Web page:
6 Works

Data from: Surviving in mountain climate refugia: new insights from the genetic diversity and structure of the relict shrub Myrtus nivellei (Myrtaceae) in the Sahara desert

Jérémy Migliore, Alex Baumel, Marianick Juin, Bruno Fady, Anne Roig, Nathalie Duong & Frédéric Médail
The identification of past glacial refugia has become a key topic for conservation under environmental change, since they contribute importantly to shaping current patterns of biodiversity. However, little attention has been paid so far to interglacial refugia despite their key role for the survival of relict species currently occurring in climate refugia. Here, we focus on the genetic consequences of range contraction on the relict populations of the evergreen shrub Myrtus nivellei, endemic in the...

Data from: The more the better – polyandry and genetic similarity are positively linked to reproductive success in a natural population of terrestrial salamanders (Salamandra salamandra)

Barbara A. Caspers, E. Tobias Krause, Ralf Hendrix, Michael Kopp, Oliver Rupp, Katrin Rosentreter & Sebastian Steinfartz
Although classically thought to be rare, female polyandry is wide-spread and may entail significant fitness benefits. If females store sperm over extended periods of time, the consequences of polyandry will depend on the pattern of sperm storage, and some of the potential benefits of polyandry can only be realized if sperm from different males is mixed. Our study aimed to determine patterns and consequences of polyandry in an amphibian species, the fire salamander, under fully...

Data from: Family based guilds in the ant Pachycondyla inversa

Heikki Helanterä, Oliver Aehle, Maurice Roux, Jürgen Heinze & Patrizia D'Ettorre
High relatedness promotes the evolution of sociality because potentially costly cooperative behaviours are directed towards kin. However, societies, such as those of social insects, also benefit from genetic diversity, e.g. through enhanced disease resistance and division of labour. Effects of genetic diversity have been investigated in a few complex eusocial species. Here, we show that genetically based division of labour may also be important in ‘simple societies’, with fewer individuals and limited morphological caste differentiation....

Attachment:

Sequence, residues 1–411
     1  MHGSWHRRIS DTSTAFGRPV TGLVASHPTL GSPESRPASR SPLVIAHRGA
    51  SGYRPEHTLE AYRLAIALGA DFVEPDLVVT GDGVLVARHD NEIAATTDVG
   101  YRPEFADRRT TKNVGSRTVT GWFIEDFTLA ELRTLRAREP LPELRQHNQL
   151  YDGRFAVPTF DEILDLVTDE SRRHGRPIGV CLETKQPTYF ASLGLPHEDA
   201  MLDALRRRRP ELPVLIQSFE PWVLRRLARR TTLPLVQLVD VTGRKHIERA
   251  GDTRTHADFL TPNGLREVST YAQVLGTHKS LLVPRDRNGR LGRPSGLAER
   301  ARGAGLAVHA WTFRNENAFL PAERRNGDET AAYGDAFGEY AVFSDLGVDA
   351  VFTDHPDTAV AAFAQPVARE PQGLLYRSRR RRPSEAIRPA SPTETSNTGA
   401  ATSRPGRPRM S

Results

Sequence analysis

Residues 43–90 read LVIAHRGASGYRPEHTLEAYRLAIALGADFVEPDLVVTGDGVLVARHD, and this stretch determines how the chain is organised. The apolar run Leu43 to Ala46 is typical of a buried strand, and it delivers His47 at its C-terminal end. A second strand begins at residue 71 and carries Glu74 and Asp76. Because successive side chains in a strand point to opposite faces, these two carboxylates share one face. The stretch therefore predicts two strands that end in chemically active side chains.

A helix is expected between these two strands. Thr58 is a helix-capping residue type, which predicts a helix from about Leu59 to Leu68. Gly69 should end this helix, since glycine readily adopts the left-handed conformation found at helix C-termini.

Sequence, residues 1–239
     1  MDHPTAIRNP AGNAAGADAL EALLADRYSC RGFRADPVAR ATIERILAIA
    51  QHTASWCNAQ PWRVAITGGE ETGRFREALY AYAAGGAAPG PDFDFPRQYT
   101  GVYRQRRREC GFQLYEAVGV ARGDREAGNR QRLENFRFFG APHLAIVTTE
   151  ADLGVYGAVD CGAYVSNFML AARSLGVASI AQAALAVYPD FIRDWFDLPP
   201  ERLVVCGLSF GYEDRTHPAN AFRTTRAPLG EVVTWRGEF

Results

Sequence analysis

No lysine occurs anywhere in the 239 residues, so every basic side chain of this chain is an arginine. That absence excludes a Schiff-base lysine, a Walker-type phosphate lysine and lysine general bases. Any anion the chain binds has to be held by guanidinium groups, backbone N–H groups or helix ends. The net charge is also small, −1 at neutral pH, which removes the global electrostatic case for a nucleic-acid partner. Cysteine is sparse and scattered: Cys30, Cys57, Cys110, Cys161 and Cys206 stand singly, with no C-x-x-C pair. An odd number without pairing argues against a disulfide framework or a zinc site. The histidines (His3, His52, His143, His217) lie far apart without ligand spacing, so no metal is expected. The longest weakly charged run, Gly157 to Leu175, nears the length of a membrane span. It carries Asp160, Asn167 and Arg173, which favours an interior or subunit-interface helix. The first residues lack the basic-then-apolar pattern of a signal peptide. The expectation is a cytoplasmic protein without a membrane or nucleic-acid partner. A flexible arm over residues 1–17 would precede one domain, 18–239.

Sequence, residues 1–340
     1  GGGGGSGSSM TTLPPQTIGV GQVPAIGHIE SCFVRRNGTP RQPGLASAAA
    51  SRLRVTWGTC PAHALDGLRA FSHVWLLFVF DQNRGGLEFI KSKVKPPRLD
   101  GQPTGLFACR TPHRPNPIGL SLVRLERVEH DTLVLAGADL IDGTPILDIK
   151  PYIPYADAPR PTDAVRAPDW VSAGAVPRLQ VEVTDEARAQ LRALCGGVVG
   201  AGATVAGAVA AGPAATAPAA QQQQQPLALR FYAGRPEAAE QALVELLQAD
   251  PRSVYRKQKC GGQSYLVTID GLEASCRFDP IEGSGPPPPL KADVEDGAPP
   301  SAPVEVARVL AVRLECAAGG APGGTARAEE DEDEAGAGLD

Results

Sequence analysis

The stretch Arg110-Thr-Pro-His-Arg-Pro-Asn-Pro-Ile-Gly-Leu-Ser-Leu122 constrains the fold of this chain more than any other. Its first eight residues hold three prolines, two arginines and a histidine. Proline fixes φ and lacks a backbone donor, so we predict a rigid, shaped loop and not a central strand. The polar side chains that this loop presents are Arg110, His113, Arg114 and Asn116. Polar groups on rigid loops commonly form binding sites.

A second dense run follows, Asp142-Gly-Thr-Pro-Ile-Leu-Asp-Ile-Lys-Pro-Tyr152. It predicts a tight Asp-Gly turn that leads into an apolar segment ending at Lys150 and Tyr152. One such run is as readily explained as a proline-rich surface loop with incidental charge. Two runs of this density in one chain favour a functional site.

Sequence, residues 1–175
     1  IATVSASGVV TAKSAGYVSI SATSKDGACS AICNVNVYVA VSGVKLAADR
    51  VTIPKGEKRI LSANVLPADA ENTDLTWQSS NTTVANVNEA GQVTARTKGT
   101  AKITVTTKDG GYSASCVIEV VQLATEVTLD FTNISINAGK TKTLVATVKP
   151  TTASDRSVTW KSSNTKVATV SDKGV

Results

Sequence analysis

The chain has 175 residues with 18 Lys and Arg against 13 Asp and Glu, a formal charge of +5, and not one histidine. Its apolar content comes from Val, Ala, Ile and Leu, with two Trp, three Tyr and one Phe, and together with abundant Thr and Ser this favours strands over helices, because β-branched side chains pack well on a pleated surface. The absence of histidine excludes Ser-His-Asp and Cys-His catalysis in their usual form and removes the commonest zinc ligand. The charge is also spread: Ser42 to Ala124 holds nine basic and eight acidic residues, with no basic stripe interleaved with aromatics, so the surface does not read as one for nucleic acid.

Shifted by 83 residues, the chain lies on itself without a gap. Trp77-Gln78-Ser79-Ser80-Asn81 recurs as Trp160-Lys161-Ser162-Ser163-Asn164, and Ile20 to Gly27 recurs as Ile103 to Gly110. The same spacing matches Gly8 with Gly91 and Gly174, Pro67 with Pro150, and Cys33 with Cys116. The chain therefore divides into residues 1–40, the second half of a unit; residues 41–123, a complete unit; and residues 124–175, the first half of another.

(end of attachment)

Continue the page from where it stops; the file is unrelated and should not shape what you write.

Data from: Effects of diet on resource utilization by a model human gut microbiota containing Bacteroides cellulosilyticus WH2, a symbiont with an extensive glycobiome

Nathan P. McNulty, Wu Meng, Alison R. Erickson, Chongle Pan, Brian K. Erickson, Eric C. Martens, Nicholas A. Pudlo, Brian D. Muegge, Bernard Henrissat, Robert L. Hettich, Jeffrey I. Gordon & Meng Wu
The human gut microbiota is an important metabolic organ. However, little is known about how its individual species interact, establish dominant positions, and respond to changes in environmental factors such as diet. In the current study, gnotobiotic mice colonized with a simplified model microbiota composed of 12 sequenced human gut bacterial species were fed oscillating diets of disparate composition. Rapid, reproducible and reversible changes in community structure were observed. Time series microbial RNA-Seq analyses revealed...

Data from: The evolution of canaliculate rudists in the light of a new canaliculate polyconitid rudist from the Albian of the Central Pacific

Shin-Ichi Sano, Yasuhiro Iba, Peter W. Skelton, Jean-Pierre Masse, Yolanda M. Aguilar & Tomoki Kase
A new polyconitid rudist, Magallanesia canaliculata gen. et sp. nov., of probably late Albian age, is described from the Pulangbato area, central Cebu Island, the Philippines in the western Central Pacific and Takuyo Daini Seamount, now located in the Northwest Pacific. It is similar to Praecaprotina Yabe and Nagao, 1926, a Japanese – Central Pacific endemic genus of late Aptian – early Albian age, but differs in having canals that developed by partitioning of the...

Data from: Fe-S cluster biosynthesis controls uptake of aminoglycosides in a ROS-less death pathway

Benjamin Ezraty, Alexandra Vergnes, Manuel Banzhaf, Yohann Duverger, Allison Huguenot, Ana Rita Brochado, Shu-Yi Su, Leon Espinosa, Laurent Loiseau, Béatrice Py, Athanasios Typas & Frédéric Barras
All bactericidal antibiotics were recently proposed to kill by inducing reactive oxygen species (ROS) production, causing destabilization of iron-sulfur (Fe-S) clusters and generating Fenton chemistry. We find that the ROS response is dispensable upon treatment with bactericidal antibiotics. Furthermore, we demonstrate that Fe-S clusters are required for killing only by aminoglycosides. In contrast to cells, using the major Fe-S cluster biosynthesis machinery, ISC, cells using the alternative machinery, SUF, cannot efficiently mature respiratory complexes I...

Registration Year

  • 2013

Resource Types

  • Dataset


  • Aix-Marseille University
  • French National Centre for Scientific Research
  • National Museum
  • Fukui Prefectural Dinosaur Museum
  • University of Regensburg
  • Oak Ridge National Laboratory
  • University of Tennessee at Knoxville
  • University of Michigan Medical School
  • Hokkaido University
  • Ecologie des Forêts Méditerranéennes